With the exception of the use of all trans-retinoic acid (ATRA) for patients with acute pro-myelocytic leukemia (APL), relatively few changes in the therapy of acute myeloid leukemia (AML) have been made since the introduction of the so-called “7 and 3” regimen in 1973.1, 2 The regimen is made up of 3 daily doses of daunorubicin at a dose of 45 mg/m2 combined with cytarabine for seven continuous daily doses at 100 mg/m2.1, 2
The outcome to current therapy is suboptimal with only 60-70% of patients achieving their first complete remission. The median survival of patients who achieve remission is 12-24 months and the five year survival is achieved in only 20% of those patients.3 Attempts to find a superior alternative or improve the 7 and 3 induction regimen have been disappointing.4, 5 Both, the intensification of cytarabine dose6-8 and the addition of other drugs, have failed to improve outcome when compared to “7 and 3”.9
That all changed this week, with the publication of the first conclusive evidence for better overall survival in patients receiving higher doses of daunorubicin (90 mg/m2) compared to the conventional dose (45 mg/m2) regimen. The Eastern Cooperative Oncology Group (ECOG) study, which appears this week in the New England Journal of Medicine,10 assigned 657 patients between the ages of 17 and 60 years with newly diagnosed AML to receive either the 7 and 3 induction regimen with conventional dose of daunorubicin versus the higher dose. Those that achieved a complete remission were then given post remission therapy according to their risk stratification as well as the availability of an HLA matched sibling. Patients with unfavorable or intermediate risk profile were offered allogeneic transplant if they had an HLA matched sibling.11, 12 The remainder were offered high dose cytarabine with or without gemtuzumab ozgamicin, followed by an autologous transplant.13
An intention to treat analysis, with a median follow up of 25.2 months, revealed that 90 mg/m2 daunorubicin resulted in higher complete remission rates (70.6% vs. 57.3%, P=0.001) as well as improved median survival (23.7 vs. 15.7 months, P=0.003).
Interestingly, the rates of serious (grade 3 to 5) adverse events were similar in the two groups. Serious cardiac toxicity was observed in 7.2% in the standard dose arm compared to 7.9% in the high dose arm. A reduced left ventricular ejection fraction was observed in 1.3% of patients in the high dose group and none of the standard regimen group. The rate of treatment related mortality was 4.5% in the standard arm compared to 5.5% in the high dose arm (P=0.60). The most common cause of death was from infections and pulmonary failure.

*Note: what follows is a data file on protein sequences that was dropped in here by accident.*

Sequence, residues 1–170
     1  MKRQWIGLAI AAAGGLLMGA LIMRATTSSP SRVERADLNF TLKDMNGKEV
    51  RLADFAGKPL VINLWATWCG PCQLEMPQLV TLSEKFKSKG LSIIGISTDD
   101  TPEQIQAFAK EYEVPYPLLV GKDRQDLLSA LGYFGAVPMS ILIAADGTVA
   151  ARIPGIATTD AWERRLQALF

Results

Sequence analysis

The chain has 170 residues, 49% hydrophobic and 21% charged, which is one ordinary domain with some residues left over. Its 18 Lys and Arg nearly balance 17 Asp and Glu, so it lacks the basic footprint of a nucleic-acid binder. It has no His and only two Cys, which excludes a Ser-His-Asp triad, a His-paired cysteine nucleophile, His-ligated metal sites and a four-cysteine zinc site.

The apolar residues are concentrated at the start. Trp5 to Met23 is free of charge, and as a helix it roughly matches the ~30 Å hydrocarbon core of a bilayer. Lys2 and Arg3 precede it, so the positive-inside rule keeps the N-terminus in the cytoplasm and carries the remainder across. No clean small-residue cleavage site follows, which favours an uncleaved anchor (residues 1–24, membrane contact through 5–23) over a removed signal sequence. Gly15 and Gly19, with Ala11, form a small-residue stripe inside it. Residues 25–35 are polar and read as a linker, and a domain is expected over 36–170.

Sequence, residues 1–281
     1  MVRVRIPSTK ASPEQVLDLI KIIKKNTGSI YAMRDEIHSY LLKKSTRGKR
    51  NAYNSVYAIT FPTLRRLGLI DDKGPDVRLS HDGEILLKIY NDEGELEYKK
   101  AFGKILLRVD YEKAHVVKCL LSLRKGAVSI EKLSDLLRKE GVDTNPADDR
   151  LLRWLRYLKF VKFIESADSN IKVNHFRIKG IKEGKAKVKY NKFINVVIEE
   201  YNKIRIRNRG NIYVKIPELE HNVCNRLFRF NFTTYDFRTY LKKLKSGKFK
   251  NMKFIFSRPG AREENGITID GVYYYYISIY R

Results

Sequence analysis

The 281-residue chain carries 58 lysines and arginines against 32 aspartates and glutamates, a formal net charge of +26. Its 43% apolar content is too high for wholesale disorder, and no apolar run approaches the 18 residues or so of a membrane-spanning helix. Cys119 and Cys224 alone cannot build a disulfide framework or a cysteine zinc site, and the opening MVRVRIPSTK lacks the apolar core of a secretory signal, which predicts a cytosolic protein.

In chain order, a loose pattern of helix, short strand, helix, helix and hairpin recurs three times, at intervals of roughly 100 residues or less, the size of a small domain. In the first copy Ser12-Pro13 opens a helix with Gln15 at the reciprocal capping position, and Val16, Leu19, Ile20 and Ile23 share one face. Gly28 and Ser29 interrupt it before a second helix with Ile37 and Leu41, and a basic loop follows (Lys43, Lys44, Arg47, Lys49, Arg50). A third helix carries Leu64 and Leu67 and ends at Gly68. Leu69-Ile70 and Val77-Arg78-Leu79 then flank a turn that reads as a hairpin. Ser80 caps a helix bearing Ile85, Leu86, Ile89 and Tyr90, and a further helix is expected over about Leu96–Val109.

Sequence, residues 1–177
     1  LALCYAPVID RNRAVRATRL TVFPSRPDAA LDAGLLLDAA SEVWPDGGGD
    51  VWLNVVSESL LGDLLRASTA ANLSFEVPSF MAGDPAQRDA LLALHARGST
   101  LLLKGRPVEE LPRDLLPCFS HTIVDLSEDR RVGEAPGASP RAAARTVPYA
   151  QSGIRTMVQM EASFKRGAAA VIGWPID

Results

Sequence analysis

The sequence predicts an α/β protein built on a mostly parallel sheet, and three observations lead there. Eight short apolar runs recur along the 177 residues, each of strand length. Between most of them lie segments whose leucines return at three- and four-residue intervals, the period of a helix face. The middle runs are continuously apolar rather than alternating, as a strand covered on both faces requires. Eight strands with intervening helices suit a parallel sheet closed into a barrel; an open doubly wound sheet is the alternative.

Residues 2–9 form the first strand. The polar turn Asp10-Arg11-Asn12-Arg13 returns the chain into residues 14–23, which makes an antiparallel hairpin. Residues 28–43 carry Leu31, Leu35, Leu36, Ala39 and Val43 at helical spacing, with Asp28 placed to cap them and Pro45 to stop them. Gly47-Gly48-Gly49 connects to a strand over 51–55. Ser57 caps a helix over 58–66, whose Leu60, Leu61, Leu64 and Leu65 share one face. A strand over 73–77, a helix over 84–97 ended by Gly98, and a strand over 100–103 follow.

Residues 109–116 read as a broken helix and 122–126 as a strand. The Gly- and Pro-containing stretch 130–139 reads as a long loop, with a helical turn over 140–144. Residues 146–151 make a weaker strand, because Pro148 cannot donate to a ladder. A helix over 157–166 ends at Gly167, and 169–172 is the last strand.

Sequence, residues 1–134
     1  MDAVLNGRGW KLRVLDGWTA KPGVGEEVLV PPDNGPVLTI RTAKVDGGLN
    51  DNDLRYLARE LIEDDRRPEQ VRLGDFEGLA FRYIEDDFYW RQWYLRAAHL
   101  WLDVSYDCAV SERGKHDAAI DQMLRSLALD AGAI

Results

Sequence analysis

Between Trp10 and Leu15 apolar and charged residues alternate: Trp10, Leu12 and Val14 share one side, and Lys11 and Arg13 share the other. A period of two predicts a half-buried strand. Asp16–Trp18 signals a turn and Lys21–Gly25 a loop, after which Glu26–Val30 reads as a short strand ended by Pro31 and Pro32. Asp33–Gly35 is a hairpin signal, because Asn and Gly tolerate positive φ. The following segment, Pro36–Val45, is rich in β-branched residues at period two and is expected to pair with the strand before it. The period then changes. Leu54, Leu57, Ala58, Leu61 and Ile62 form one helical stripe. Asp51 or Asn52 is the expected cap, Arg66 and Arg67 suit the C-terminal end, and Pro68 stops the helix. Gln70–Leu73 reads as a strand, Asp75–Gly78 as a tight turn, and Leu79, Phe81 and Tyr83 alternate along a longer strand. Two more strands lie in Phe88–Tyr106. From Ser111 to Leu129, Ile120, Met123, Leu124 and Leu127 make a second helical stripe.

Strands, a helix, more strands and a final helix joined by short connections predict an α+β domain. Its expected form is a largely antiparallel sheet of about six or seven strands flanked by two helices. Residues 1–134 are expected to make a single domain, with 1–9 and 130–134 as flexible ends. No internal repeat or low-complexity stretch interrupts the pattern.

For those patients with a favorable cytogenetic profile that received the high dose, the median survival had not been reached at the time of the final analysis (median follow up of 25.2 months); thus, exceeding the current median survival of 12-24 months in patients who achieve remission.3 The largest difference was seen in those with intermediate risk who received the daunorubicin 90 mg/m2. Patients with unfavorable cytogenetic profile, however, did not experience any benefit from higher doses.
Patients with low and intermediate risk de novo AML should be offered 7 and 3 induction therapy with daunorubicin dose intensification at 90 mg/m2. This is both safe and effective in these patients but not associated with any benefit in patients with poor prognostic features. However, as the authors note, it is not yet clear what the optimal dose of intensification is. Whether 90 mg/m2 is better than 60 mg/m2, requires further study.
Conflict of interest statementNo financial conflicts or disclosures to report.
CITE THIS ARTICLE:
Tamer M. Fouad, M.D.. Improved survival in AML with higher anthracycline doses. Doctors Lounge Website. Available at: http://www.doctorslounge.com/index.php/articles/page/300. Accessed May 27 2016.
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